TV Upfront

Facebook Won't Be at Next Year's NewFronts, But Here's Who Will Be

Fullscreen, Machinima Join YouTube, AOL on 2015 Calendar

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Mark Zuckerberg
Mark Zuckerberg Credit: David Paul Morris/Bloomberg

Facebook won't be presenting at next year's Digital Content NewFronts after all.

The social network had been in initial talks with the Interactive Advertising Bureau, which manages the NewFronts, to get involved with the digital-video industry's premier event but has decided otherwise.

"The NewFronts has a stellar roster for 2015 that includes major digital outfits, blue-chip media companies that have traditional roots in TV and print, as well as a range of innovative web startups. While we had been in discussions with Facebook about participation in the NewFronts as well, the company ultimately decided that this wasn't the right time for them to join the lineup," said the IAB's Senior VP-Mobile and Video Anna Bager.

Facebook's decision was put down to the fact that the NewFronts largely center on companies pitching original shows and Facebook has no plans to produce original programming, according to a person familiar with the matter.

A Facebook spokesman declined to comment. Adweek reported earlier this week that Facebook planned to present at next year's NewFronts.

The NewFronts borrow from the TV industry's annual upfront presentations when broadcast and cable networks show off their upcoming programming slate to rooms full of advertisers. Similar to those presentations, the digital video publishers detail their services and any original programming plans in front of advertisers in hopes of landing sponsorship deals and negotiating ad packages.

Unlike the TV upfronts, not all NewFronts presenters have original programs to pitch. For example, Publicis Groupe agency DigitasLBi isn't a publisher and instead touts its partnership deals like last year's deal with BuzzFeed. And in past years YouTube has used its NewFronts presentation to talk up its creators and audience in hopes of getting advertisers to buy against YouTube (or a chunk of YouTube) as opposed to a single show. Facebook could have adopted YouTube's strategy and talked up the creators and brands who distribute their content on its properties, but obviously that won't be the case.

While Facebook won't be at next year's NewFronts, a host of new companies will be. This year's NewFronts rookies include Fullscreen, Machinima, Refinery29 and HealthiNation. Last year's first-timers who are returning this year include Vice, Disney's Maker Studios, Time Inc., Time Warner Cable and Mode Media (née Glam Media). And then there are the regulars like Google's YouTube, Yahoo, Hulu, AOL and Microsoft with a few others like BuzzFeed and National Geographic mixed in for good measure.

The complete two-week schedule is below.

Facebook's participation would have been a coup for the NewFronts as it looks to be more than the stepchild to TV's annual upfront presentations. NewFronts presenters have had a hard time attracting big enough audiences to become a higher priority than TV for reach-hungry advertisers. As a result some media buyers still wait until after the TV upfronts to secure their NewFronts deals, though that's beginning to change.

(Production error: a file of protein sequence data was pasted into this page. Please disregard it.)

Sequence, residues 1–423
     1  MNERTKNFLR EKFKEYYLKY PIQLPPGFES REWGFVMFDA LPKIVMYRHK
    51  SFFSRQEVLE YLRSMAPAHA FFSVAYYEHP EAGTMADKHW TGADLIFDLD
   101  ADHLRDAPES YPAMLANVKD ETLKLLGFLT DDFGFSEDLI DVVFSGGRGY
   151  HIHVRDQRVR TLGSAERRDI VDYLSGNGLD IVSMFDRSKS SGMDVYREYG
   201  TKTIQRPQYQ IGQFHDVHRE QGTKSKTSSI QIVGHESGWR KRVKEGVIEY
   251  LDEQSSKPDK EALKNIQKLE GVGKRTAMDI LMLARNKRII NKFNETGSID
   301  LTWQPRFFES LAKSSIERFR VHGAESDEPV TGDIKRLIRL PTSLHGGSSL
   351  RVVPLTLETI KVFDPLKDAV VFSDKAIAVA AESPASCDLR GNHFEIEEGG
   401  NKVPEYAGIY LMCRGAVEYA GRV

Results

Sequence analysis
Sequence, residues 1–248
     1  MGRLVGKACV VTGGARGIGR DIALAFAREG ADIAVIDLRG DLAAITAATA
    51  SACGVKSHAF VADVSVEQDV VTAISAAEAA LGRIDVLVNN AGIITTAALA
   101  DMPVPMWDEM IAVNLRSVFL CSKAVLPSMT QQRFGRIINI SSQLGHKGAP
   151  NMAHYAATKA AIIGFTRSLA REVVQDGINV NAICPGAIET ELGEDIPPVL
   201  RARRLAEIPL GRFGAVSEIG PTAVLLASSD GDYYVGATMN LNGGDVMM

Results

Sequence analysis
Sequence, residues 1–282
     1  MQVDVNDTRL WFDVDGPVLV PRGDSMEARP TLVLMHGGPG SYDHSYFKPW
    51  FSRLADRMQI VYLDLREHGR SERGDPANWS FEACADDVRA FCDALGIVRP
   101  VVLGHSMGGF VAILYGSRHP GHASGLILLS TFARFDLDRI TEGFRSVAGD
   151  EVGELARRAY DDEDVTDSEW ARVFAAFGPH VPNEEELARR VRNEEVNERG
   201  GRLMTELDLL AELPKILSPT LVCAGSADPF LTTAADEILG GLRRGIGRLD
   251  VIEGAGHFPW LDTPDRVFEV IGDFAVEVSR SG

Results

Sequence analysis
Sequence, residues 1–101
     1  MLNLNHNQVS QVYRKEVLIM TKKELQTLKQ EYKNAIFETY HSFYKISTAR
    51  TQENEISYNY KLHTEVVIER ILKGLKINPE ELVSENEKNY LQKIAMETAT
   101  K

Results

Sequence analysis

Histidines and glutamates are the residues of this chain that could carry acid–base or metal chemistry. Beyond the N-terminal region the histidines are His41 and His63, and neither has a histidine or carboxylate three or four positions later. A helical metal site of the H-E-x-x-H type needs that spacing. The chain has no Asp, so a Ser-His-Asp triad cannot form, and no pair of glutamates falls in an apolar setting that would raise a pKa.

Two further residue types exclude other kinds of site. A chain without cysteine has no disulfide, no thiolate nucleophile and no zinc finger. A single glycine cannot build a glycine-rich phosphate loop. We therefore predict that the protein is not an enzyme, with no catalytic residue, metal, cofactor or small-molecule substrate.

Of course the NewFronts haven't been around as long as the TV upfronts, which started in the middle of the last century. Publicis Groupe's DigitasLBi created the NewFronts in 2008 as a way to forge deals among its clients and digital-video companies. In 2012 the agency brought AOL, YouTube, Hulu, Microsoft and Yahoo into the fold to formalize it into the digital version of TV's annual upfronts presentations. DigitasLBi handed oversight of the NewFronts over to the Interactive Advertising Bureau last year.

Facebook isn't the only company that could spark advertisers' interest by getting involved with the NewFronts for the first time. There's also Amazon. The e-commerce giant has never presented at NewFronts, though until this year it didn't have much of a video-ad business either. At Cannes this year Amazon execs talked up the company's video business with advertisers and agency execs, but kept the conversation fairly generic with little detail of its plans.

At the moment, it appears Amazon will be staying home again next year, but things could change between now and April. "We have a few more spots we're still looking to fill," Ms. Bager said. She declined to say whether the IAB has any companies in mind to take those spots. As for the 25 companies confirmed to present, here's the full calendar of when they'll take the stage.

Monday, April 27

  • 9:00 am - 11:00 am: The New York Times
  • Noon - 2:00 pm: BuzzFeed
  • 3:00 - 5:00 pm: Microsoft
  • 6:00 - 8:00 pm: Yahoo

Tuesday, April 28

  • 9:00 am - 11:00 am: Maker Studios
  • Noon - 2:00 pm: Mode Media
  • 3:00 - 5:00 pm: Condé Nast
  • 6:00 - 8:00 pm: AOL

Wednesday, April 29

  • 9:00 am - 11:00 am: Hulu
  • Noon - 2:00 pm: Sony/Crackle
  • 3:00 - 5:00 pm: Refinery29
  • 6:00 - 8:00 pm: Google/YouTube

Thursday, April 30

  • 9:00 am - 11:00 am: Time Inc.
  • 2:00 - 5:30 pm: DigitasLBi
  • 6:00 - 8:00 pm: Popsugar and Vevo

Friday, May 1

  • 9:00 am - 11:00 am: The Wall Street Journal
  • Noon - 2:00 pm: Time Warner Cable
  • 3:00 - 5:00 pm: Vice

Monday, May 4

  • Noon - 2:00 pm: Fullscreen
  • 3:00 - 5:00 pm: Machinima

Tuesday, May 5

  • 9:00 am - 11:00 am: Discovery
  • 3:00 - 5:00 pm: National Geographic
  • 6:00 - 8:00 pm: HealthiNation

Wednesday, May 6

  • Noon - 5:00 pm: IAB NewFronts Research Lunch
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